Thomassen, Peter Olaff, Report, in Andrew Jenson, History of the Scandinavian Mission , 178-79.
"The company I traveled with counted no less than 70 wagons, nearly all of which were drawn by eight oxen each. It is remarkable to see how easy the teamsters guide these heavily loaded wagons and long strings of oxen without reins or harness, using only a long whip and the three words, "Haw," "Gee" and "Whoa" (which the oxen, through serious lessons, have learned to understand).
"The journey across the Plains was successful, but somewhat monotonous, and most of the travelers were glad to see the wagons drawn up to form the corral and rest their weary feet; but the young people, as a rule, were bent on having their lively sports before retiring at the call of the horn. Then all sang, music and dancing ceased, and the utmost quiet prevailed throughout the camp, while one of the Elders offered up a prayer and thanksgiving to the Almighty for his Fatherly guidance.
"On the 16th of August, we found a buffalo skull, having the information written thereupon that a company of more than 50 wagons had experienced a frightful stampede resulting in three persons being killed and several injured. The names of these, all Scandinavians, I have been unable to learn.
"The same day on which we found the skull, an extended prairie fire, which had started from one of our camp fires, spread with great rapidity, fanned by a high wind. It was a great sight to see this might mass of flames travel over hill and dale to the extent of many miles, while a herd of antelope, frightened by the blazing fires, sought refuge among our cattle, where they scarcely were discovered before everyone who possessed a gun or pistol was ready to shoot down these pretty animals. Most of them, however, escaped unharmed—thanks to their swift legs.
"On August 21st a German sister was struck by lightning and fell to the ground dead. A small bundle of keys, which she carried on a string around her neck, could not be found, and this, no doubt, had attracted the lightning which killed her. With the exception of a small hole in the head and a little mark under one foot, no marks of injury to the body were found, wherefore it was supposed that the electric current had passed directly through her body. The same stroke of lightning felled seven of the oxen to the ground, although without serious damage to them. The company lost 50 oxen on the journey.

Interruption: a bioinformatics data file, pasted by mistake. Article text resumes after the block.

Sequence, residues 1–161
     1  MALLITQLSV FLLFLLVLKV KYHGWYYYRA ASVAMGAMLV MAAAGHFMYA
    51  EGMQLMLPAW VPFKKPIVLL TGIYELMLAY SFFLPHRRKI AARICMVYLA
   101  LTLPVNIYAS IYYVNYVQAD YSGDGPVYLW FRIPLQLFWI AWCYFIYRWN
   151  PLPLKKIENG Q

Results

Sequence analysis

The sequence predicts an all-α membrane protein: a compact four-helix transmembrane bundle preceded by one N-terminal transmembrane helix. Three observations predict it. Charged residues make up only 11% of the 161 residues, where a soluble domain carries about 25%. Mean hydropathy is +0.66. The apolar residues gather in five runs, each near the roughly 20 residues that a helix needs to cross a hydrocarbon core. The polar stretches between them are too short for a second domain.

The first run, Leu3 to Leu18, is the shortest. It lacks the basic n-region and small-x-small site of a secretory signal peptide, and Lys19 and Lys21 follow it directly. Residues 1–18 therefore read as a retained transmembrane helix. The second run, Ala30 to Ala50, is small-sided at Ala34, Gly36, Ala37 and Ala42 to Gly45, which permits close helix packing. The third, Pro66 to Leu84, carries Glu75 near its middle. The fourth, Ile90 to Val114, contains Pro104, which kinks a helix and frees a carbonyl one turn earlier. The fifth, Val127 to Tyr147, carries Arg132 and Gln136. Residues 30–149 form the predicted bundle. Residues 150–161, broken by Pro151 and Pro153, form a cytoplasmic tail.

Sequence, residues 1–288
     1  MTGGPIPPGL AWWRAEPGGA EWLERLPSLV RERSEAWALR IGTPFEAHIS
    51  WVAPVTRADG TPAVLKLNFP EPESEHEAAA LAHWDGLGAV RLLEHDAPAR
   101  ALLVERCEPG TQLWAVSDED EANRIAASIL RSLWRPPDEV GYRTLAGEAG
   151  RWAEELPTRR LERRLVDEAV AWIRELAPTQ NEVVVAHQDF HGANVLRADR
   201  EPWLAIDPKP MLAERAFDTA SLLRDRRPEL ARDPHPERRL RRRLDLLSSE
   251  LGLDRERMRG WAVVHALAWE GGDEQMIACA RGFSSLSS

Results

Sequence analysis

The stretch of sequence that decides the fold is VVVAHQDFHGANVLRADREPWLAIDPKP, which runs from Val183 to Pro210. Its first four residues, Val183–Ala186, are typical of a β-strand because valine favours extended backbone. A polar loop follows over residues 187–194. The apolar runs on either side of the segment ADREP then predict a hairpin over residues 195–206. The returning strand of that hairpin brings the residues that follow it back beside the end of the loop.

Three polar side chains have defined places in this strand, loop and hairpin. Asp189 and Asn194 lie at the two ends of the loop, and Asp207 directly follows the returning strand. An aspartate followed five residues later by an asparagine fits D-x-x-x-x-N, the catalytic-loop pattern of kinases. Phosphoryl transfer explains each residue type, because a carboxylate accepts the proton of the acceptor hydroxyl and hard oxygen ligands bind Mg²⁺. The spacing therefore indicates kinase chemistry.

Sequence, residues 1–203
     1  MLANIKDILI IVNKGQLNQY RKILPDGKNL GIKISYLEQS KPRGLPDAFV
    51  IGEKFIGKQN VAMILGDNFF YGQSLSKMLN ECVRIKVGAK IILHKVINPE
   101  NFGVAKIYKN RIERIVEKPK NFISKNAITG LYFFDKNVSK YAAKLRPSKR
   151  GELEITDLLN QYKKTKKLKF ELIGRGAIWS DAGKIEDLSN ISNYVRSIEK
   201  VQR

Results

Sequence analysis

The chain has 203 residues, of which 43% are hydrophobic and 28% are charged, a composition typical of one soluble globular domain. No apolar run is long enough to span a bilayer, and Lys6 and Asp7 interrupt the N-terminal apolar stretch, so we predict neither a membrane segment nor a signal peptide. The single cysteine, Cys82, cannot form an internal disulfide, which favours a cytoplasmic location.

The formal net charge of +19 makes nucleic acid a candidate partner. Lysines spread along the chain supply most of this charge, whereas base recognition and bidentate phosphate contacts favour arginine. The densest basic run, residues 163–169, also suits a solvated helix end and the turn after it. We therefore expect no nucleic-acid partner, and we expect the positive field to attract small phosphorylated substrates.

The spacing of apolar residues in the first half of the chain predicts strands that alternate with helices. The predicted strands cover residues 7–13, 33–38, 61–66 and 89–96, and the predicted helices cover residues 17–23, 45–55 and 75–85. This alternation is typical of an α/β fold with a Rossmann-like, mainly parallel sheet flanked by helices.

"With weary feet but glad hearts we arrived at the pleasant homes of the Saints in Zion, September 24th, 1863, after the long tramp over the wide deserts of America. It was a pleasant and delightful sight to see the beautiful city spread out before us when we passed out of Parley's Canyon, a rough pass about 12 miles in length. The city far exceeded my expectations, both as to extent and beauty; the streets are wide and bordered with shade trees, which already have reached a considerable size; the houses, which are of course all new, are built in a nice, and in many cases elegant, style."
The total number of Saints who emigrated from Scandinavia in 1863 were 1,458, besides eight returning missionaries namely, Wm. W. Cluff, Hams Peter Lund, Johan F. F. Dorius and Hans C. Hansen. These Elders had all labored faithfully as missionaries in Scandinavia. Elder Peter O. Thomassen, who for several years had labored in the mission office in Copenhagen as writer for "Skandinavian Stjerne", also emigrated with his family that year, and so also did Elders P. Wilhelm Poulsen, Nils Rosengren and Christoffer S. Winge, who had acted as presidents of conferences.